Democrats like to talk about a “war on women.” In syndicated columnist and New York Times best-selling author David Limbaugh’s telling, Barack Obama is a president at war. Not in Afghanistan (though he is) or Libya (though he was). Mr. Limbaugh’s new book, “The Great Destroyer,” chronicles what its author describes as a “war on the republic.”
Don’t let the martial rhetoric - which from the war on poverty to the war on drugs is hardly rare in American political polemics - fool you. Mr. Limbaugh is a lawyer by trade who builds a thorough case against the president. Taking on a new target in each chapter, the book lives up to its title by slowly dismantling Mr. Obama’s economic, social and foreign policies until there isn’t much left.
Mr. Limbaugh devotes substantial space to the president’s massive spending and deficits. “In his budget battles,Obama consistently masquerades as a deficit hawk even as he resists budget cuts and demands more spending,” he writes.
Indeed, it took 200 years for the total federal budget to reach $1 trillion. Under the current president’s watch, $1 trillion annual deficits have become the norm. Left on autopilot, Washington’s spending will soon exceed the percentage of the economy necessary to pay for the New Deal or win World War II.
Mr. Limbaugh contrasts the president’s fiscal vision with that of House Budget Committee Chairman Paul Ryan. He writes that Mr. Ryan’s plan results in $5.3 trillion less spending and $3 trillion in cumulative deficit reduction over the next decade.
But Mr. Obama’s vision of government doesn’t just produce big numbers on a balance sheet. It is too big for our Constitution. Where generations of liberals have achieved policy goals through the courts ignoring the Constitution while pretending to venerate it as a “living” document, Mr. Obama at times seems impatient with its constraints on federal power.
On immigration, the president once told a crowd that he wished he had a “magic wand” to summon amnesty into existence in spite of congressional resistance. On issues ranging from health care reform to raising the debt ceiling, Mr. Obama has lamented the broken nature of our political system. But separation of powers is a design feature, not a flaw.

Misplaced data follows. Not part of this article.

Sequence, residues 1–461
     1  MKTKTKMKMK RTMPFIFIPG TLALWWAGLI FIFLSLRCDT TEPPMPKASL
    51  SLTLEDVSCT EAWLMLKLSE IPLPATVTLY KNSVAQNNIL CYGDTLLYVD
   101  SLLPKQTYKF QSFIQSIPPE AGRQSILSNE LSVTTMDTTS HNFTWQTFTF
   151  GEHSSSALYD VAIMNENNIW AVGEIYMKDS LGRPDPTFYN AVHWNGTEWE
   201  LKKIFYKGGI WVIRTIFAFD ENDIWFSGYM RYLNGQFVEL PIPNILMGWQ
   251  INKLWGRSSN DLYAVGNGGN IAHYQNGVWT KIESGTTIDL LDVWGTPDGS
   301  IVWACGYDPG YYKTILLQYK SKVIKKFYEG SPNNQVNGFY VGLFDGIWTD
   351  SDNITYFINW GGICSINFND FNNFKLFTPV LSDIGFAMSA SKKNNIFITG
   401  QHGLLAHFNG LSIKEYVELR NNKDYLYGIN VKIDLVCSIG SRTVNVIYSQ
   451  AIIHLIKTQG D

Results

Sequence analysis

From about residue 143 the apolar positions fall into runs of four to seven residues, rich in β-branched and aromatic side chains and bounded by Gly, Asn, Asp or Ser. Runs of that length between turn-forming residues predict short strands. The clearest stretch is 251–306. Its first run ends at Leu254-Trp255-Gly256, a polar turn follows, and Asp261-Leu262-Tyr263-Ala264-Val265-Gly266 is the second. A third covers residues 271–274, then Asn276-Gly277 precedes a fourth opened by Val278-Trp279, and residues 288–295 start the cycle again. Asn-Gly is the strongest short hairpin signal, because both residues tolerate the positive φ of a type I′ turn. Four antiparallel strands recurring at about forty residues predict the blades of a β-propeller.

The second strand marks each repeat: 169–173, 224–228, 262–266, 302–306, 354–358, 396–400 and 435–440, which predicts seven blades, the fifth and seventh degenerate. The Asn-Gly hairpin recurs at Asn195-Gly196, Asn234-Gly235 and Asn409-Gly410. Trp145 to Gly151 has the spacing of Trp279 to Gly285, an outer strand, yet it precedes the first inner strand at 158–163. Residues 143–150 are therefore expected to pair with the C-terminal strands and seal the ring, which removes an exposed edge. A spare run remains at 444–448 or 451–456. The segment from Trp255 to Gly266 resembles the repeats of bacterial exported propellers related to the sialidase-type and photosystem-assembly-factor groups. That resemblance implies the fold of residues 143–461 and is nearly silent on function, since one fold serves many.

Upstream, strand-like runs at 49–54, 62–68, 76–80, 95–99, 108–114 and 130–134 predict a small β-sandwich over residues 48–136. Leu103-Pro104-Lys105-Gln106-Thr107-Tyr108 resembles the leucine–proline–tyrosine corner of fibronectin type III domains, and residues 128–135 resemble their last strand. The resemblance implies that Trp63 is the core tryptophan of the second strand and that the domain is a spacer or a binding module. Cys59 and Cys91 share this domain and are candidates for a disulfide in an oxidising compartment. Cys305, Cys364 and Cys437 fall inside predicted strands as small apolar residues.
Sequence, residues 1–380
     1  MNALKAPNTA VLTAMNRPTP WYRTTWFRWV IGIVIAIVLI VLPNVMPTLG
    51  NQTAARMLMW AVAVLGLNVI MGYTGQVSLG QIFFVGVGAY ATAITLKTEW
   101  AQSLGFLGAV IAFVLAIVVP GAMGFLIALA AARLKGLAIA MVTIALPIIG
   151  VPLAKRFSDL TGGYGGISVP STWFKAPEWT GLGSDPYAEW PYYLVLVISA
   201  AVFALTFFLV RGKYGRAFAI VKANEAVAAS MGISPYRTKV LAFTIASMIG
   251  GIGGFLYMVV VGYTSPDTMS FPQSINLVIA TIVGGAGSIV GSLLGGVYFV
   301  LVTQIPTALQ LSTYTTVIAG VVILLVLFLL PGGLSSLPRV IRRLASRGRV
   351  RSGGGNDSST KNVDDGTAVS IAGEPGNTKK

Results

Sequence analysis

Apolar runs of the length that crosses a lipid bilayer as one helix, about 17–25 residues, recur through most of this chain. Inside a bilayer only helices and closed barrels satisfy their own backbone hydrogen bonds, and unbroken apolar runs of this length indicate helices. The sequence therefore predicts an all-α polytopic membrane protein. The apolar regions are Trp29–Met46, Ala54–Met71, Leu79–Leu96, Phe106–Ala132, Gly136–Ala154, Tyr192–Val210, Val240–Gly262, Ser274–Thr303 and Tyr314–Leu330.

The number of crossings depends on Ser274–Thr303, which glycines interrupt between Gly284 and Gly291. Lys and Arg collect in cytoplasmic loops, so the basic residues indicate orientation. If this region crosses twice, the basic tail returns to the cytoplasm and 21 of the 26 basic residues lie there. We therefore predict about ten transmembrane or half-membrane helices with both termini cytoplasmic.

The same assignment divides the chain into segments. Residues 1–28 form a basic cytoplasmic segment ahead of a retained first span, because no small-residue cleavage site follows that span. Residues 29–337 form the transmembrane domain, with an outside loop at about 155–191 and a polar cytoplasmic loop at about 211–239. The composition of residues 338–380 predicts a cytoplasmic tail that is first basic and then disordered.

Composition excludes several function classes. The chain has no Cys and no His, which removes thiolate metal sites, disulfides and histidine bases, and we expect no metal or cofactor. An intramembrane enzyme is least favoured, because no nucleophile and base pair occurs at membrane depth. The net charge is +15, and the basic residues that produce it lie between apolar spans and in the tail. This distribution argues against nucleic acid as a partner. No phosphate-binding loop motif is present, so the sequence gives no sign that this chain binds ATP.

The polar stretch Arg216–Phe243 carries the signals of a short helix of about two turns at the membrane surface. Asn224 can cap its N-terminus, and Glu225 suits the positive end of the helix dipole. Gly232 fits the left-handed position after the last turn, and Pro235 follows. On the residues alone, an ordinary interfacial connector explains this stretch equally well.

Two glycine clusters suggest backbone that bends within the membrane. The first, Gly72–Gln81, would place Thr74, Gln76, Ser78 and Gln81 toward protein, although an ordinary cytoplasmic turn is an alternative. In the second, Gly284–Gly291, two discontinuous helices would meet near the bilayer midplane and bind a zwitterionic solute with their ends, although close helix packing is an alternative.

The president isn’t the first progressive to become impatient with constitutionally limited government, but he is perhaps the most explicit. “What I’m gonna do is wait for Congress,” Mr. Obama told “60 Minutes,” as quoted in “The Great Destroyer.” “But when Congress refuses to act, and as a result, hurts our economy and puts our people at risk, then I have an obligation as president to do what I can without them.”
“Them” refers to the people’s elected representatives, who have more constitutionally enumerated powers than any other branch of the federal government.
Politicians get frustrated and blow off steam. They are also given to hyperbole. Yet this has gone beyond rhetoric. This administration has implemented the Dream Act, thrice rejected by Congress, via executive fiat. Economic czars have proliferated. General Motors has become “Government Motors.” Solyndra has become a model for spreading crony capitalism under the guise of green energy.
Criticize any of this and the self-styled guardians of civility in the Obamasphere will start hurling invective. In a chapter titled “The War on the Right,” Mr. Limbaugh shows the party of tolerance regularly accusing political opponents of everything from racism to sheer idiocy. Mr. Obama himself is no stranger to such indelicate tactics. One charming vignette has the president accusing congressional Republicans of wanting to “pay the Chinese, but not seniors.”
Under Mr. Obama’s watch, we have seen the erosion of conscience protections for religious believers - even those who originally supported the president’s signature health care initiative - and gun-walking into the hands of Mexican cartels. The talk of transparency has given way to the reality of unaccountability.
It’s all in Mr. Limbaugh’s book, from Operation Fast and Furious to the administration’s insistence on unfettered access to abortion on demand. The president is portrayed as apologetic to America’s enemies and unsupportive of her just national interests. It’s here in virtually encyclopedic detail.
This is both the book’s best attribute and its only shortcoming. In his effort to provide readers with one-stop-shopping to discover the Obama administration’s myriad failures and foibles, sometimes Mr. Limbaugh doesn’t distinguish mortal and venal sins. Some dumb presidential statements made in the heat of political battle are forgivable; bankrupting the country in pursuit of re-election is not. Digging up those sins, however, may be the biggest shovel-ready project of the Obama era.